Wanted In Switzerland: Um, A *Sociable* Hermit
The St. Varena Hermitage is trying to recruit a new hermit to oversee see its chapels, but the job description raises a dilemma: how to find a recluse who can schmooze with visitors.
When Verena Dubacher was chosen in January 2009 for her last job, there was a lot of excitement around the announcement. She was the first woman in 600 years to be awarded the hermit position at St. Varena Hermitage in Switzerland, which dates from the 17th century.
The 63-year-old religion teacher didn’t care for all the hoopla, but having been chosen filled her with joy. It was a dream come true, she said in front of all the cameras and microphones suddenly focused on her. “I hope the stillness, meditation and wonderful natural surroundings will add depth and vitality to my relationship with God,” she said then.
She then moved into St. Varena Hermitage in the Verenaschlucht canyon in the Swiss city of Solothurn. The reporters who went along to cover the move assumed that she’d be spending the rest of her life there. But five years on, she’s turned in the key and moved to a retirement home, citing “health reasons.”
The task of finding a replacement for Dubacher falls to Sergio Wyniger, president of the Bürgergemeinde Solothurn, an entity that manages several properties, including the hermitage. That this is no easy task is clear from the recruitment ad, which says that they are looking for a “hermit, male or female” who “enjoys contact with people” — in other words, a walking contradiction.
It’s not lost on Wyniger. “It’s the dilemma of the St. Verena Hermitage,” he says. On the one hand, the hermit has must embrace the solitude through the cold winters and long nights in the canyon. On the other hand, an increasing number of people want to visit the hermitage — sometimes to celebrate a marriage or baptism, sometimes just to light a candle. Many of them are also looking for somebody to offer spiritual advice. Over the years, the hermitage has become the most-visited excursion site in the Solothurn area — and the hermit living there is a big part of the attraction.
[rebelmouse-image 27087965 alt="""" original_size="640x479" expand=1]One of the churches at St. Varena Hermitage — Photo: Baikonur via Wikipedia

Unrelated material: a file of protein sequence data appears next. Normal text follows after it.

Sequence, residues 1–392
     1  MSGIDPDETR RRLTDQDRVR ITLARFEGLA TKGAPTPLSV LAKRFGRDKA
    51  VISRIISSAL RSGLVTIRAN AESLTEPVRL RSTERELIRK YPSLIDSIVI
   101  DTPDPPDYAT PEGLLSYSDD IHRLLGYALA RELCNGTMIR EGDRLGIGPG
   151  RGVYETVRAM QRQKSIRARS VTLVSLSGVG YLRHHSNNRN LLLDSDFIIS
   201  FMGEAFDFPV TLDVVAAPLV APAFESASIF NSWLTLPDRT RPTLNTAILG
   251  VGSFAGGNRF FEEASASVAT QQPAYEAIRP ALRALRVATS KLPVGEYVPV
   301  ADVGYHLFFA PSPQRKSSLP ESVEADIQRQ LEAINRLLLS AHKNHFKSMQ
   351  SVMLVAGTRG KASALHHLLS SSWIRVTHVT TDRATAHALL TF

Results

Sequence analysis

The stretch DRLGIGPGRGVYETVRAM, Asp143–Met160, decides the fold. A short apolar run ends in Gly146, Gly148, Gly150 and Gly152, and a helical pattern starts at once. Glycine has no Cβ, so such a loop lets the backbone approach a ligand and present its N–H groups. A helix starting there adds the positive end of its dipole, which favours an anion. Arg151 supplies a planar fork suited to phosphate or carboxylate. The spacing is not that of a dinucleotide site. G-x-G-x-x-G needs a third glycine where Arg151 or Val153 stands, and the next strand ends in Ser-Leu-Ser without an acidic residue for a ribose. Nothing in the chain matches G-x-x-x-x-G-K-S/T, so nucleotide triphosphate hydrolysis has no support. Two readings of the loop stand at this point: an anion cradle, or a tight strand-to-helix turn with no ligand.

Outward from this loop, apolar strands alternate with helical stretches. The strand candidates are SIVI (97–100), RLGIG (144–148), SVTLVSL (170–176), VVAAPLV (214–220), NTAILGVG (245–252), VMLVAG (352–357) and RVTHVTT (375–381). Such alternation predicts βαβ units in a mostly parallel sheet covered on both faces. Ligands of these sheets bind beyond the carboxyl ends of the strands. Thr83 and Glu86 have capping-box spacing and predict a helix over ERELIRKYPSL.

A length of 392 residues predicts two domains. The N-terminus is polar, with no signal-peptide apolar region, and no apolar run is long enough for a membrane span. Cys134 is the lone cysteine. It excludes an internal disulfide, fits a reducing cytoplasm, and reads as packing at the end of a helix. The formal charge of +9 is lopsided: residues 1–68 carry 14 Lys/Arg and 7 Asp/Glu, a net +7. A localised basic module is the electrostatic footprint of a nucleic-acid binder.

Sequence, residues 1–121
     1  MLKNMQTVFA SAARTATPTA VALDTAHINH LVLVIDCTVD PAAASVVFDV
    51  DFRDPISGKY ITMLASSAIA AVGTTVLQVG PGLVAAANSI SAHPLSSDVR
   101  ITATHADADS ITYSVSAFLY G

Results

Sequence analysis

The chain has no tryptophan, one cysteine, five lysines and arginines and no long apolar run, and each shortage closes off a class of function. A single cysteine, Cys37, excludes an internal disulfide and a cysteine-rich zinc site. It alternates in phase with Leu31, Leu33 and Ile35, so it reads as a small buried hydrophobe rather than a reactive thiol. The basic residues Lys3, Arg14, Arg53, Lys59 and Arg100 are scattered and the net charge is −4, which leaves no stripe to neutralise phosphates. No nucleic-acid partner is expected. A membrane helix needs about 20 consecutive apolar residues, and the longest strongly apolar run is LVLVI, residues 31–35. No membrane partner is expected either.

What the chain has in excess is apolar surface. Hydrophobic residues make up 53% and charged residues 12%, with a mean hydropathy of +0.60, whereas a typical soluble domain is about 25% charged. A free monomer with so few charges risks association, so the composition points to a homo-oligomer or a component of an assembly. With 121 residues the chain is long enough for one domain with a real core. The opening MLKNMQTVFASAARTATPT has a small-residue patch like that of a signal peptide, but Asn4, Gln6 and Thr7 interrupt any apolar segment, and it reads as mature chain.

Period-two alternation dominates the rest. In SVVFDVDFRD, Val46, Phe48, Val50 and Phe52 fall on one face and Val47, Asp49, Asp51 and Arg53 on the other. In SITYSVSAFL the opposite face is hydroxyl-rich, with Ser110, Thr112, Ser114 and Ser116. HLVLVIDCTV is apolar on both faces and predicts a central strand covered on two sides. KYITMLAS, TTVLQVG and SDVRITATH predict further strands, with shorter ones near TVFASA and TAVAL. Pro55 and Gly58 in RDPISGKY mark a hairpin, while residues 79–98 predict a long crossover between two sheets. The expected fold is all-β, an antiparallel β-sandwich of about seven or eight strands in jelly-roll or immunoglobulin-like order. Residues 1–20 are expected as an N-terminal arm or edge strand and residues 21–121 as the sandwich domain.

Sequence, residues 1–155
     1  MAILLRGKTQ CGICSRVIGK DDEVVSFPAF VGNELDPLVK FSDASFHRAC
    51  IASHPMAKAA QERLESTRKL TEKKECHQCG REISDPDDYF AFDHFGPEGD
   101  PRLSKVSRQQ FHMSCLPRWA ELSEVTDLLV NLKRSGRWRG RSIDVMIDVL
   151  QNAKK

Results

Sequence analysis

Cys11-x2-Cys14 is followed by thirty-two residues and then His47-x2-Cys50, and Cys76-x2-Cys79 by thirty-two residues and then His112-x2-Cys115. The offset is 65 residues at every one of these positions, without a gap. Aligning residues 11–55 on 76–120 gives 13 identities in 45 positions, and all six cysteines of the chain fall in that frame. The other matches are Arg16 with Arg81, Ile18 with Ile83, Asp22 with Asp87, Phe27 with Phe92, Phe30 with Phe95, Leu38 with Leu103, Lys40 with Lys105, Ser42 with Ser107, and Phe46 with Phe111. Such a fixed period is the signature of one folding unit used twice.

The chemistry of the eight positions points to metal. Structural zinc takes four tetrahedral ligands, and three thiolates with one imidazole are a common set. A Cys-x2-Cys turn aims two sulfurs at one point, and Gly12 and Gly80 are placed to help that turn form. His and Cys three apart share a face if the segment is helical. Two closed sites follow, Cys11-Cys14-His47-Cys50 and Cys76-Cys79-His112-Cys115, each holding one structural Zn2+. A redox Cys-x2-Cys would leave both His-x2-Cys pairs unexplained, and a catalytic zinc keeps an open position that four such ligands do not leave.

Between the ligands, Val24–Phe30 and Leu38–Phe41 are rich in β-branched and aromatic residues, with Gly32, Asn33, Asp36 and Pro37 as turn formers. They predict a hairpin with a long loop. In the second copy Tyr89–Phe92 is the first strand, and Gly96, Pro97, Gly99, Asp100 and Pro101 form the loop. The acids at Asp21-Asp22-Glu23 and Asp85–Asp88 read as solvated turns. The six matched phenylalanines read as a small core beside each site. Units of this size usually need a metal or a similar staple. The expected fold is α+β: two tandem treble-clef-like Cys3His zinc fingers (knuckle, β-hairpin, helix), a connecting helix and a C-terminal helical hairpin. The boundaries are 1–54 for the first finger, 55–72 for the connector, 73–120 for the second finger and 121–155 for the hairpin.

Finding the right recluse
Verena Dubacher, a farmer’s daughter, was chosen in 2009 because she possessed both theological (her education was in theology) and practical abilities. Until her unexpected retirement, she was very capable in her role. In fact, people regarded her as highly committed to it.
“The Bürgergemeinde valued her marked sense of order and the care in keeping the canyon and both the St. Verena and St. Martin chapels in good, clean condition,” the Solothurner Zeitung wrote after she left. She made sure the rules governing the canyon, which is a protected natural site, were obeyed — dogs couldn’t be let off the leash, and bikes had to be walked, for example. But she also had an open ear for anybody who wanted to talk or were hoping for some sort of consolation.
But “the increasing number of weddings, religious services, and other events” and the to-do about her personally became so overwhelming that she started spending her weekly day off at a nearby cloister. Sergio Wyniger told a regional TV channel that “she really preferred to be alone.”
Apparently, Verena Dubacher wasn’t the first hermit who missed some peace and quiet. According to Neue Zürcher Zeitung, her predecessor had also apparently expressed concern about this. The newspaper suggested that, instead of a hermit, perhaps a caretaker might be more suitable for the job, which requires the upkeep of two chapels, the pathways and fences, and janitor services before and after baptism and wedding ceremonies.
But Sergio Wyniger has no intention of changing the job description. The janitorial duties are just part of the job, he says. What’s more important is that the hermit pass on the legend of Saint Verena and be prepared to listen to people’s problems. There are no formal conditions to be met, but candidates should be Christian.
The compensation package for the job is free board at the hermitage — a small (25 square meters) house with a garden, running water and electrical current, but no landline connection — as well as a monthly stipiend of about 820 euros. “That’s not enough for a family or to lead a life of luxury,” says Wyniger, “but it’s fine for somebody who’s already getting a pension or doesn’t need a lot to get by on.”
So far, 40 candidates — about a fifth of them German — have sent applications to Wyniger. He isn’t currently in a position to say anything about the candidates’ backgrounds, he says, because he is accepting applications until May 5. The decision should be made by council vote by the end of May or beginning of June so that the hermitage is occupied once again before the summer season rolls around.
Verena Dubacher won’t be present either during the vote or to show her successor the ropes. When she left, she asked not to be contacted. She wants to find the space that she’d initially hoped to find when she accepted the job of hermit.